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J Infect Dis. 1986 May;153(5):910-7.

A spontaneous mutant of Neisseria gonorrhoeae with decreased resistance to neutrophil granule proteins.


We examined the resistance of Neisseria gonorrhoeae to proteins prepared from the granules of human polymorphonuclear neutrophils (PMNs). We found that nearly isogenic strains differing in lipopolysaccharide subunit molecular weight also differed in levels of resistance to crude granule extracts. N. gonorrhoeae strain WS1 was at least 10-fold less resistant than the parental strain FA 102 to granule extracts. Surprisingly, strain WS1 did not differ from FA 102 in resistance to two isolated antimicrobial proteins obtained previously from extracts of human PMN granules. We used strain WS1 in assays that detected antimicrobial proteins in granule extracts, and we obtained at least two proteins with apparent molecular masses of 24-25.5 kilodaltons that exerted potent in vitro antigonococcal activity. We found that the ED50 (concentration of protein required to kill 50% of gonococci) against the strain WS1 was approximately 0.006 microgram of protein/ml, whereas the ED50 against the parental strain (FA 102) was approximately 0.4 microgram of protein/ml. Accordingly, alterations in lipopolysaccharide structure apparently caused a 66-fold decrease in gonococcal resistance to granule proteins. Our data suggest that gonococcal resistance to oxygen-independent antimicrobial systems of human PMNs may, in part, depend on the availability of certain lipopolysaccharide domains involved in recognition of the antimicrobial granule proteins described in this report.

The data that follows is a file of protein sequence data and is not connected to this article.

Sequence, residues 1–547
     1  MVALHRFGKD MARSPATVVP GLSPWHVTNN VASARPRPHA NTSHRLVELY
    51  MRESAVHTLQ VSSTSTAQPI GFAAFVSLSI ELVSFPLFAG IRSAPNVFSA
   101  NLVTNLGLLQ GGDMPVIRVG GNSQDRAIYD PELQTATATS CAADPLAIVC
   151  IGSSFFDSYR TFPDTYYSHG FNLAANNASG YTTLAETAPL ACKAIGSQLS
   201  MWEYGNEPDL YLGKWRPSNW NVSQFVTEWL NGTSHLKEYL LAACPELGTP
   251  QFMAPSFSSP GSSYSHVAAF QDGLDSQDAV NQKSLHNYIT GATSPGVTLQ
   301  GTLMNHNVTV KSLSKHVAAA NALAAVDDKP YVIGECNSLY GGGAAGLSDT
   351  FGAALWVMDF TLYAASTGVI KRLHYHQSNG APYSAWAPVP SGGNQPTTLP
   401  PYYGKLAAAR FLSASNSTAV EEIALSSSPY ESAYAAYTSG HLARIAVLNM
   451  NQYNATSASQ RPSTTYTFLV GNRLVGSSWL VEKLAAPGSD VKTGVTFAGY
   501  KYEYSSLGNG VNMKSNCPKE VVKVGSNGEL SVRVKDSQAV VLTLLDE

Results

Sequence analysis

[Indexed for MEDLINE]

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